I mean, seriously, hike naming people, could you make it a little easier on us next time with these names? Anyway, I digress.
PARK POINT TRAIL is not too bad at all. However, though it is paved, the climb is steep and pushing a stroller up it may prove more difficult than just carrying your child, in my opinion.
While it is a bit of a steep climb, everyone in our party could manage the trail from our 4 year old to our 64 year old. At the top of the trail on a clear day you will be able to see Utah, Arizona, New Mexico, and Colorado.
Rocky Mountain National Park
Rocky Mountain National Park has some pretty amazing hikes, but one of the best to complete as a family is a hike to Emerald Lake.
The trail is roughly 3.5 miles roundtrip and the terrain is fairly easy. We saw many people completing this hike with young children, but it is not a stroller friendly hike.
The trail can get pretty crowded with people and families, but it is crowded for good reason- the scenery you will encounter along the way is absolutely breathtaking!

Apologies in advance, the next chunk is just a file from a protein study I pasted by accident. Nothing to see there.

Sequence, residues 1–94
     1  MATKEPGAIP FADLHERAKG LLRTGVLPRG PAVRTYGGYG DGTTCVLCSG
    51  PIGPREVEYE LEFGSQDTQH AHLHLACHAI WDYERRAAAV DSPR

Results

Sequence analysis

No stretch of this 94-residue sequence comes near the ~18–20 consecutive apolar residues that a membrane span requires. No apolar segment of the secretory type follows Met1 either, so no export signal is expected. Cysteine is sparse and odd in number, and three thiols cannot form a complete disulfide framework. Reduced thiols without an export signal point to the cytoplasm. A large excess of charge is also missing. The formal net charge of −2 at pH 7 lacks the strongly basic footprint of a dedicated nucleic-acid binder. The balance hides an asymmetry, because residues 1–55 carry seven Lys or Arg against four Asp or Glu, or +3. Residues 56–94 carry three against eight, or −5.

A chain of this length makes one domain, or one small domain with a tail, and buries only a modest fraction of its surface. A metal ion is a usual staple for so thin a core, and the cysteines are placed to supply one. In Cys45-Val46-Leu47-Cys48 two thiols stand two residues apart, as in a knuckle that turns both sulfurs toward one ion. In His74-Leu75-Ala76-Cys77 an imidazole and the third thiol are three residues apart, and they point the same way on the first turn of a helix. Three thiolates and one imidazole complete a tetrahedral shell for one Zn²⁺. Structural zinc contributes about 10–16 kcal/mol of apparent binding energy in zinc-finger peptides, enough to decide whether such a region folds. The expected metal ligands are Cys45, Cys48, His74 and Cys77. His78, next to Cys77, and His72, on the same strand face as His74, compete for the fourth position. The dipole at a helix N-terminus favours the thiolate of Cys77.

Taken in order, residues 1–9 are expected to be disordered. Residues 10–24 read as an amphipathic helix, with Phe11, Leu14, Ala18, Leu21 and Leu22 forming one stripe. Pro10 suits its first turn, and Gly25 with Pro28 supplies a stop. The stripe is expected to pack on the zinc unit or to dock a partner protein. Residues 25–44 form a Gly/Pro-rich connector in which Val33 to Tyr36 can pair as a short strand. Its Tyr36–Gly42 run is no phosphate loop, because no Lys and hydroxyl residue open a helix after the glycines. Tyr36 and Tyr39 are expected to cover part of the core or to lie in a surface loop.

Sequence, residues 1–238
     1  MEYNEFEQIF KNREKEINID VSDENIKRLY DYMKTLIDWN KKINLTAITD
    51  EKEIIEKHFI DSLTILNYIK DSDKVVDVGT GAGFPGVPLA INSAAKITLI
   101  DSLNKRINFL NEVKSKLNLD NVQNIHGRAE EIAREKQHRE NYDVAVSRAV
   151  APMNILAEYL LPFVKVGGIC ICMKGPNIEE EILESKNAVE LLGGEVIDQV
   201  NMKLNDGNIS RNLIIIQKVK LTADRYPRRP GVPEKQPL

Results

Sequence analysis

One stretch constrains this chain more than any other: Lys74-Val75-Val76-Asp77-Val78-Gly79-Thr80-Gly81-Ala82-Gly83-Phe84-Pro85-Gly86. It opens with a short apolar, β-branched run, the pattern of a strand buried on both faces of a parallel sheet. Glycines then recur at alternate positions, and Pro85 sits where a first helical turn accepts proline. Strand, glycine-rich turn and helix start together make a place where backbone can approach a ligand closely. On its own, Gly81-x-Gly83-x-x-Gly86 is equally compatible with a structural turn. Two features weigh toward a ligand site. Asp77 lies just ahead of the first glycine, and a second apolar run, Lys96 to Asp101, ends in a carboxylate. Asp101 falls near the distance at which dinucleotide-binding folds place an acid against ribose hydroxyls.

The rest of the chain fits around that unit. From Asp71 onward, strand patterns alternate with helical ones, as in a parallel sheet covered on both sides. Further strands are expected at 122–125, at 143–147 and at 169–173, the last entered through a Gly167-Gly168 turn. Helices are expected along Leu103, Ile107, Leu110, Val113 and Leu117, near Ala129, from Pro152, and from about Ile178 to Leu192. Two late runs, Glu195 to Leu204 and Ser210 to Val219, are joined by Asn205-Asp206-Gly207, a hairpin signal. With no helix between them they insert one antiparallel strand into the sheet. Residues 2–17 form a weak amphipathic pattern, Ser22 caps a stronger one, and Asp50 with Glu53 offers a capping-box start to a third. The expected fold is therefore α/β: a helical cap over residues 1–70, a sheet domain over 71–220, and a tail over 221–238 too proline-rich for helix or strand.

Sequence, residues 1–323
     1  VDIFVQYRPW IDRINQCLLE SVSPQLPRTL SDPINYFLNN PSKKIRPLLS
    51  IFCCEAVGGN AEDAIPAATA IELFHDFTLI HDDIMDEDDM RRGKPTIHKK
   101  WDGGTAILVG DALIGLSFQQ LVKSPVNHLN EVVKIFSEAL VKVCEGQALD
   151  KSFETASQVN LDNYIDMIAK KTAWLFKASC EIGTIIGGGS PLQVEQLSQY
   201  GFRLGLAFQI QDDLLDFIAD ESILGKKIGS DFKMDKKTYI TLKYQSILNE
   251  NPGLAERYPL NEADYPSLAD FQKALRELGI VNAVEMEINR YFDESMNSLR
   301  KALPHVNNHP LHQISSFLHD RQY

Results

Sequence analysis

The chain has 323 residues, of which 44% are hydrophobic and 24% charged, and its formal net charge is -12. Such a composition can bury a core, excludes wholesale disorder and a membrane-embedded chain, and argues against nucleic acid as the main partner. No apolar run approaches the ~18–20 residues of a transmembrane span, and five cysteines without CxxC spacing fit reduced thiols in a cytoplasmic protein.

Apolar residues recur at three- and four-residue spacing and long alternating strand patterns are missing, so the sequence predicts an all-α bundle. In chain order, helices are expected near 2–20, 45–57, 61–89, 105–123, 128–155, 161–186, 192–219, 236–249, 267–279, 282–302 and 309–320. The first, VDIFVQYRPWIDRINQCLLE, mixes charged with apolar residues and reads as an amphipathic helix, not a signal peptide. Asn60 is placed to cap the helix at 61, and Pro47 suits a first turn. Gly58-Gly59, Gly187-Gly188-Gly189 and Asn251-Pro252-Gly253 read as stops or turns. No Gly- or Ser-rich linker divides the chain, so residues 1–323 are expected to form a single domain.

The hike begins at Bear Lake Trailhead and continues off to the right towards Nymph lake. There are some steep, but short climbs throughout the trail and they are totally doable by young children.
You will pass by 3 different alpine lakes during your hike and each is incredibly beautiful. You will also encounter a gorgeous waterfall along the way. Depending on the time of the year, the falls could be roaring with snowmelt from the top of the mountains!
If you want to park at the Bear Lake Trailhead- we recommend you arrive extremely early as this parking lot fills up by the latest 10 am every day.
If you aren’t there early enough, do not fear- you can simply park down at a lower parking lot and take the shuttle service up to the trailhead.
Alberta Falls and Bear Lake
We also enjoyed Alberta Falls and Bear Lake (mentioned above) during our time in the Rockies. Here’s a quick video of our time there.
If you want even more pictures (because you aren’t somehow convinced of how beautiful Rocky Mountain National Park is yet), visit our Facebook page to see more from our time there.
by Amanda of VeraVise Outdoor Living
Sequoia National Park
Sequoia National Park is a great national park for families because there are some easy day hikes. My favorite is Congress Trail, an easy loop trail that passes several of the biggest trees in the world.